#VotePlanet: Threatened British wildlife supported by latest science29 November 2019
British wildlife species are being threatened or even driven to extinction by climate change, land use changes and other environmental pressures.
The 2019 State of Nature Partnership report stated that 15% of species are now threatened with extinction in the UK, while 41% have seen their populations decrease since 1970.
Research at the University of Reading has been monitoring how threats like climate change are contributing to this decline, monitoring habitat loss and identifying action that can be taken to protect struggling wildlife.
Professor Tom Oliver, who leads the University of Reading’s Ecology and Evolution research division, said: “Nature in the UK is changing before our very eyes. A warming world opens doors for some species to move into new areas, while closing the door on others – possibly forever.
“Scientific research helps provide a clear picture of how wildlife is being affected by natural and man-made pressures, and how it is adapting. Understanding these challenges is vital if we are to take action to protect species or avoid behaviour that is harming them.”
Professor Oliver, who works with Defra to turn science into policy, has looked closely at how insects and birds have been displaced in the UK by a combination of a changing climate and intensive land use.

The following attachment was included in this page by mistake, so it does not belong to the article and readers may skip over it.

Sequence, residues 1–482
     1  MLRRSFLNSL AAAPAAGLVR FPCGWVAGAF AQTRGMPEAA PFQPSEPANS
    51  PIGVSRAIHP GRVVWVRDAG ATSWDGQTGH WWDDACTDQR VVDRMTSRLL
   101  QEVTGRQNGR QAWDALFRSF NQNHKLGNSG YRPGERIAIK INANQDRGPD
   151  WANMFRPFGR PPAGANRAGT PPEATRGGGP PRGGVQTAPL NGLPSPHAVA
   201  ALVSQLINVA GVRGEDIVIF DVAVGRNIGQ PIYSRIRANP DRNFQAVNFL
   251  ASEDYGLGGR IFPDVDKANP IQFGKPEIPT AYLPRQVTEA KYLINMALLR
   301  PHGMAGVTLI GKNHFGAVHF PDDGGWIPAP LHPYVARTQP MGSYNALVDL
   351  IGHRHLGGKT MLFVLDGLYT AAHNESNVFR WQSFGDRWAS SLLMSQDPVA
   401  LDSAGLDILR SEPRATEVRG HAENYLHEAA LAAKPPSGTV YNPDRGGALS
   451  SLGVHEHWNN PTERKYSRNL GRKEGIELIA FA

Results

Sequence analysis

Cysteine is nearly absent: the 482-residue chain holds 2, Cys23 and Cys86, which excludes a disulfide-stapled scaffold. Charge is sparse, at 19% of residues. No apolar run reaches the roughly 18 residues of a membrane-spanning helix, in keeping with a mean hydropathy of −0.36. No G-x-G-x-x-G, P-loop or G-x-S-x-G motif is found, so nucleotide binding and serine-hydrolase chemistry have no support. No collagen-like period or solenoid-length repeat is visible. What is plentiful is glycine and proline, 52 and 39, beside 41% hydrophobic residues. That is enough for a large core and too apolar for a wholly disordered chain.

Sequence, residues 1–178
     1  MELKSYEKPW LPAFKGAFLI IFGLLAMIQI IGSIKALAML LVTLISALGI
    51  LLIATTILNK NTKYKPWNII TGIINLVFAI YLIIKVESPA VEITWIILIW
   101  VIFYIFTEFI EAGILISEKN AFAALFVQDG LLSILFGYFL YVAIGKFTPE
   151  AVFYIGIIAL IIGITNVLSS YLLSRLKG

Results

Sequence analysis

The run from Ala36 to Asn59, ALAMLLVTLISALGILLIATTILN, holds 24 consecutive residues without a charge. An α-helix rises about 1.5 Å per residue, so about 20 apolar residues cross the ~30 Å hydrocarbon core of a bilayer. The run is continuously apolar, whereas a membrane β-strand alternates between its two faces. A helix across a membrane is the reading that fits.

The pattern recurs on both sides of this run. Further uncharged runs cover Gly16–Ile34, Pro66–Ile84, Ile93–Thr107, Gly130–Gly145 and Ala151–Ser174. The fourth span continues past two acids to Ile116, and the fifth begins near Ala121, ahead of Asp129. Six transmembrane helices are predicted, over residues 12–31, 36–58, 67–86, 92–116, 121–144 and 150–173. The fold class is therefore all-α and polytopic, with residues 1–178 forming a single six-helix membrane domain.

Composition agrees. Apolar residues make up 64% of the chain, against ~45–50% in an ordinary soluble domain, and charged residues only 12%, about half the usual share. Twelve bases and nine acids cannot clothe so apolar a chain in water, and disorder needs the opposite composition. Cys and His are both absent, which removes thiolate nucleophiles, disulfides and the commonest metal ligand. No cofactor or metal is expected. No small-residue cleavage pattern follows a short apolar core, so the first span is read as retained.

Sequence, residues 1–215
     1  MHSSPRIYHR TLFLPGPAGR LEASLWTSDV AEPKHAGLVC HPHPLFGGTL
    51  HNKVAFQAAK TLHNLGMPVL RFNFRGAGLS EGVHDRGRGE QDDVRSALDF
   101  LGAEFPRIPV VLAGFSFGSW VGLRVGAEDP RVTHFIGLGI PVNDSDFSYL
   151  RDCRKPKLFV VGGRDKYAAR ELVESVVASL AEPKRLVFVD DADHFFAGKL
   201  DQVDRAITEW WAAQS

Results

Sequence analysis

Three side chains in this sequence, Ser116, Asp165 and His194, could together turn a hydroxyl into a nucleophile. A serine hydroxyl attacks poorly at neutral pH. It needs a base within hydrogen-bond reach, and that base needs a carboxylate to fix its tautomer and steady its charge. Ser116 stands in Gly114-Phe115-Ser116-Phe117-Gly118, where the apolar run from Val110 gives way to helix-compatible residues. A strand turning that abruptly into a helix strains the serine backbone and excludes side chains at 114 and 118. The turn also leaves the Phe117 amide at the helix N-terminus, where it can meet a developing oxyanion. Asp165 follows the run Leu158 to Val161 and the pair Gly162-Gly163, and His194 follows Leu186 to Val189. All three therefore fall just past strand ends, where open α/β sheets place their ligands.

His research, in partnership with organisations like Natural England and Centre for Ecology and Hydrology, warns that without sufficient natural habitat, much-loved species like the northern brown argus butterfly and willow tit could be lost from many areas of the UK.
A more recent study of millions of recorded insect sightings also showed species moving north as temperatures in the UK increase are running out of suitable habitats due to land being used intensively for agriculture.
Research led by Professor Mark Fellowes found that rare red kites were becoming more widespread thanks to residents in towns and cities putting out food in their gardens. An additional study found that bird lovers who feed smaller birds during breeding season may inadvertently be putting them at risk of having their nests raided by grey squirrels.
Reading research involving citizen scientists found this year that adders were in decline and could disappear from the UK countryside by 2032 due to human activity. This has worrying implications for other species that rely on similar habitats.
A Reading PhD student’s study of rural habitats found in 2018 that 80% of the sites surveyed were unsuitable for hedgehogs, and that badgers may also absent from large parts of England and Wales. Another PhD project looked at elephant conservation in Africa and how they can exist alongside humans.
The University of Reading’s #VotePlanet campaign is highlighting the biggest threats facing the UK and global environment, as well as how research and action can combat them, in the lead up to the General Election on December 12.
Public concern for the environment has increased significantly in recent years, with political parties unveiling various eco-friendly pledges in their election manifestos.
The #VotePlanet campaign therefore aims to inform voters on the science behind these issues, and what sustainability action it is taking as an institution.